INTRODUCING 20-Nothings, the book & 30-Nothings, the blog

August 21, 2013

Things a 30-year-old Says While Watching the VMA’s

August 21, 2013

The First, 30-Nothings Post: What It Feels Like To Turn 30

August 21, 2013
empty image
empty image

People warned me about the actual 30th birthday day. They said, “it’s weirder than you think,” and, “even if you’re happy, you’re sort of also sad,” and, “I recommend drinking at least one cocktail with each meal during the day.”

I took their warnings seriously, but I didn’t think I’d feel that way. I had a packed day planned, my new hair cut was finally settling in, and that very night I was flying home to the east coast for two weeks of family fun.

So yes, I was cocky about turning 30. I thought I was above it all. I was all, “I feel great!” and, “I’m so fortunate!” and, “I’m exactly where I want to be!” I even threw my secret, special birthday routine (hint: it involved $29.99 and clothes made for children) out the window and wore something old for the day. “Superstitions be damned!” I thought, I’m a GD adult!

Turns out turning 30 is a little weirder than you think, and even though I was really happy, I was also sort of sad, and it did in fact help to consume one alcoholic beverage (or bottle…) per meal. As I said to Michael when he called to wish me a happy and hopefully sane day, “I can’t help but feel like a door is closed now.”

“Yeah, that’s because it is,” he said. And he was right.

It’s not that there are things I desperately wish I’d done in my 20s. It’s not that I’m afraid of what I now have to do because I’m 30. I actually feel like I have license to do more as a 30-something than I did as a 20-something, creatively speaking at least.

But this major, life-changing, incredibly formative, really fun era of my existence is over. Completely and totally over. I am no longer, “in my 20’s” I can’t use it as an excuse. I can’t use it as a bragging point. It is no longer mine. But I think the thing that makes the very day you turn 30 so strange is that the next phase doesn’t feel like yours either. I didn’t instantly feel like a 30-something – whatever that feels like. So there was this sense of floating in some weird space between what I was or who I identified as, and what I’m going to be now. Does that make sense to those of you who’ve been through those 24 hours?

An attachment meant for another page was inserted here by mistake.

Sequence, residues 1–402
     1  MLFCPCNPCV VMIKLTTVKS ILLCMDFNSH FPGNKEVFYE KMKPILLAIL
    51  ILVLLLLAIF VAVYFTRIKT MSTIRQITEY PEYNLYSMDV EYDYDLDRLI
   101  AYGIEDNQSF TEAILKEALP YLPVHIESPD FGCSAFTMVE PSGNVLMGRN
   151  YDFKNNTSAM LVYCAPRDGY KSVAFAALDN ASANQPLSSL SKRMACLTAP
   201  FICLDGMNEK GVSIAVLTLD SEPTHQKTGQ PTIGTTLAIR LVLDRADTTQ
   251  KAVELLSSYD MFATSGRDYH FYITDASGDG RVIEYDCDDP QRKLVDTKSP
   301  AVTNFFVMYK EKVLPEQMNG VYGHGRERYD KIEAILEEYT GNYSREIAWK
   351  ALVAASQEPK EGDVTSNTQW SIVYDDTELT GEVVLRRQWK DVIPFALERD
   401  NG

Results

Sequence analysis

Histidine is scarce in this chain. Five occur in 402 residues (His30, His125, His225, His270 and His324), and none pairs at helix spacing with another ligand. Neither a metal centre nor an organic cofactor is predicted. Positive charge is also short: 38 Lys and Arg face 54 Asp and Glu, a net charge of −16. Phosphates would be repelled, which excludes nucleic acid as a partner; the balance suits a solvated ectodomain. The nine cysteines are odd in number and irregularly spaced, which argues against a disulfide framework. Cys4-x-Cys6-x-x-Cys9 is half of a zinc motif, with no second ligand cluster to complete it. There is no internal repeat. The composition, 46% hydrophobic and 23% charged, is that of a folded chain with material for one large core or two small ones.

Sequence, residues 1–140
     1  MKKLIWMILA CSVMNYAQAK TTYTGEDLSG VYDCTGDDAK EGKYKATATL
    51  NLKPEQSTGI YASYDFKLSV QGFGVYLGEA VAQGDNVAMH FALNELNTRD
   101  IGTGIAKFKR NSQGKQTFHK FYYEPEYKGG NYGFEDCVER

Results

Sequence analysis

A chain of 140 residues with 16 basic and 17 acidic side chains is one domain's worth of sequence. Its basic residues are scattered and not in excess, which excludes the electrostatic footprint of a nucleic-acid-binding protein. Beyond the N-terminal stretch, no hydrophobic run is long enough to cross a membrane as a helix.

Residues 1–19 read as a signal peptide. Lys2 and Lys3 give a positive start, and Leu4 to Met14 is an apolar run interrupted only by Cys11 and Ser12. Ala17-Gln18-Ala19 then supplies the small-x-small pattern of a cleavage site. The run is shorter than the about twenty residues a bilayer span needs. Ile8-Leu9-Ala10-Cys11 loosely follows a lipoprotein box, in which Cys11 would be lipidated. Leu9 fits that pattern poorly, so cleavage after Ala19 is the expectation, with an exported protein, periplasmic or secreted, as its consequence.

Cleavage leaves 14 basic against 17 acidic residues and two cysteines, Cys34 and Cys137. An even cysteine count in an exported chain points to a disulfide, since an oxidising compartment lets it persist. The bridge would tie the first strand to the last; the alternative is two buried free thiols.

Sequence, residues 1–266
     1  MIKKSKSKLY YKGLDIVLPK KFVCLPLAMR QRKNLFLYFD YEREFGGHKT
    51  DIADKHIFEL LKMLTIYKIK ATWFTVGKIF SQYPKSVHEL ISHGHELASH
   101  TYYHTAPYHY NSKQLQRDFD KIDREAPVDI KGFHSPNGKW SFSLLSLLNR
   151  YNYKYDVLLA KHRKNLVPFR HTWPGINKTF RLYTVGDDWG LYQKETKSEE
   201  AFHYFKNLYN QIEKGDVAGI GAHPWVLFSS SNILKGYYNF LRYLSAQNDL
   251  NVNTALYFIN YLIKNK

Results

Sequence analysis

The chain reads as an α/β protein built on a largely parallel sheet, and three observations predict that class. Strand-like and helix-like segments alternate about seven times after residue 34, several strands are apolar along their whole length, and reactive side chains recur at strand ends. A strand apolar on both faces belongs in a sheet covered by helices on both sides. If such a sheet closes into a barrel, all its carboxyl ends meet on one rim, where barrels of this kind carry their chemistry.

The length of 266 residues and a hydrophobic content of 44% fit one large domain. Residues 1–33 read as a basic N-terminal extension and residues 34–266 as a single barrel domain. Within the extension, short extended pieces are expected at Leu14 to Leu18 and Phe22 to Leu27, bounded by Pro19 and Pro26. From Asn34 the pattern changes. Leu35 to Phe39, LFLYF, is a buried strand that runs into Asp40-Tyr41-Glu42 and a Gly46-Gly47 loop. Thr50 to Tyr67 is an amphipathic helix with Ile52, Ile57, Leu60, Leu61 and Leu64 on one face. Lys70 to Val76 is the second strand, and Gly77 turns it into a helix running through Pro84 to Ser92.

I spent my 30th birthday doing everything I wanted to do. I took myself to a hotel’s rooftop pool bar where they let you lay out even if you’re not a hotel guest. I have lunch at The Ivy with someone who has known me since the day I was born (and middle-named after her!). I got my make-up done (because why the hell not?). I took myself to see an awesome documentary called 20 Feet From Stardom. It’s about the most famous back-up singers of our time, and it is incredible. And then I ate “all you can eat” mussels (my favorite food) with R on the patio at Meet Me In Paris

It was perfect, but I was still a little sad, and now that I’ve been through it, I think that’s a good thing. Change is hard no matter what transition you’re making. I think my sadness was a bittersweet sadness – like leaving college because it was so amazing or moving away from a childhood home that you loved. You can’t go back, and that’s a tough reality to deal with.

But the very next day you realize nothing has really changed, and if you’re me, you’re super glad you didn’t get that list minute nose ring in an effort to do something major on your 30th birthday!


  1. I’m guessing you will feel sort of like this with each decade marker: 40, 50, 60, and so on. I know that I do. In a couple of years it will be the Big Seven-Oh for me; several years ago my husband felt that way at the Big Eight-Oh. Today was his eighty-sixth, so he is more-or-less within striking distance of the Big Nine-Oh. Tonight we went out for margaritas and a delicious Mexican meal. I told him that I fully expect him to make it to the Big Hundred-Oh, and I think he will be able to. Every decade marker is a joy and a jolt, but I have to admit that there is something about thirty that marks the end of “older adolescence” and the beginning of “OMG I really am an adult now.” At least that is the way I felt on my thirtieth birthday.

  2. I HATED turning 30. Dreaded it. Cried on my birthday. Now that I’m 34, turning 30 seems inconsequential….because one day, I will be facing the big 40.

    Welcome to the 30-something club. Enjoy your stay.

  3. You captured it quite nicely, it’s the closing of the door that leaves you a little jarred. Thirty and 40 weren’t that hard for me but I just turned 50 and well… because ones body (at least as a woman) starts to charge in so many ways it’s different. I feel this odd need to grieve the death of the woman I was, before I can embrace the woman I am becoming. I don’t recognize this woman, yet….

Leave a comment